Number of low priced homes shrink in California: Although inventory is scarce everywhere and in most price ranges, properties around $300,000 and under are suffering worse. According to Zillow, there has been a 40% reduction in inventory under $313,000 in California in the last year. This explains the multiple offer situation in these categories – there simply is not enough supply to meet the demand. Hopefully after the holidays we will see more properties on the market.
Big banks being sued:Wells Fargo is being sued over alleged fraud in a mortgage lending program administered by the Federal Housing Administration. Bank of America is also being sued, by the Justice Department, for mortgage fraud to the tune of over $1 billion. The B of A cases involve loans created through Countrywide, before Countrywide was acquired by B of A in 2008…gee, maybe borrowers will see some of the fruits of the penalties if B of A is found liable – but of course that it doubtful (one can hope). Many of the claims involved in both suits go back over the course of 10 years. Well, I would wish these banks good luck in their suits, but as I have no sympathy I hope they get what they deserve.
Thursday, September 13th, 2012
The decline in the real estate market these last several years led many California homeowners to seek reductions in their property taxes. All they had to do was show the decline in market value of their homes, via a comparative market analysis, and local tax assessors were generous in granting annual reductions. BUT… now that prices are increasing, homeowners must realize that so too can their property taxes.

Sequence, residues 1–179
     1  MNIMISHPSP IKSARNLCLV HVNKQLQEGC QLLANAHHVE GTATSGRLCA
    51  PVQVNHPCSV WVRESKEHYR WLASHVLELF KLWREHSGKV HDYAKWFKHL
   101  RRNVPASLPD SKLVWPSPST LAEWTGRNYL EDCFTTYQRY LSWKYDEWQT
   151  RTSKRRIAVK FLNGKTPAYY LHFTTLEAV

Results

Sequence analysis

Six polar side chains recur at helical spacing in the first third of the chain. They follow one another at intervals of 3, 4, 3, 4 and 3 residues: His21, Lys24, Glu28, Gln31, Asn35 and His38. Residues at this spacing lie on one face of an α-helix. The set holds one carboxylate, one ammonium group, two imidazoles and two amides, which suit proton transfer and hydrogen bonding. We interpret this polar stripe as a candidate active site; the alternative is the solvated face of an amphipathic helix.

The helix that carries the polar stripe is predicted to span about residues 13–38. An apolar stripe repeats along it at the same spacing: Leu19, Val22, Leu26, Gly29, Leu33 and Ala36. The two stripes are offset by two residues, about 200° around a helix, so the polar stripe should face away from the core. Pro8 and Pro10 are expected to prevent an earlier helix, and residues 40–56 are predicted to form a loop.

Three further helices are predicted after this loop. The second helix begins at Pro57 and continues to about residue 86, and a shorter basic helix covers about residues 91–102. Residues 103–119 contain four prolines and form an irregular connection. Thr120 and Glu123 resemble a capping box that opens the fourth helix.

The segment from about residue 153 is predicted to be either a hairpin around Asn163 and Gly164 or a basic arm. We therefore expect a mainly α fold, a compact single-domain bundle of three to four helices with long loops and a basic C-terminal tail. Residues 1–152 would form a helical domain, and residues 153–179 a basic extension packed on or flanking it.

Normally property taxes do not increase more than 2% annually, thanks to the voter-approved Proposition 13 (also passed by voters in 1978). However, just as assessors have the authority to temporarily reduce taxes when property values go down, so can they increase taxes, even more than 2%, when the values come back up (Proposition 8, 1978).
The 2% limit outlined in Proposition 13 only takes effect when the value of the property reaches the level it would have reached had the market never dropped. There are areas in California that have already been subject to tax increases.
If you live in an area that has seen market value increases, and you have had a property tax reduction, be prepared for possible property tax increases soon. It may not be welcome news to you, but it is good news for your county and the economy to see these improvements in the housing sector.
Friday, July 6th, 2012
Housing Affordability is Up: The National Association of Realtors has reported that housing affordability is at it’s highest level since the 1970s, when such record-keeping started. The Housing Affordability Index measures the relationship between median home price, median family income, and average mortgage interest rates. As the index climbs higher, household purchasing power grows. An index of 100 is the place at which a household with median income is able to qualify for a purchase of a median-priced home; the index in January scored 206. Great news for buyers.
Vacation and Investor Purchases Grow: Rising to the highest level since 2005, vacation home and investor purchases are heating up the market. The National Association of Realtors (NAR) reports that investment purchases rose over 64% last year from 2010 levels. Vacation home purchases rose 7% from 2010. I have definitely felt this to be true, as the majority of my sales in 2011 and again this year have been to investors and those purchasing second/third homes – it’s a great time to negotiate for these buyers.
Fixed Mortgage Rates Keep Falling: Fixed rates have continued to drop, according to a Freddie Mac survey, with a fall again this week for 30 year fixed rates, to 3.62% (compared to 4.60% this time last year). Similarly, 15 year fixed rates and 1 year ARMs also dropped. For more details click here.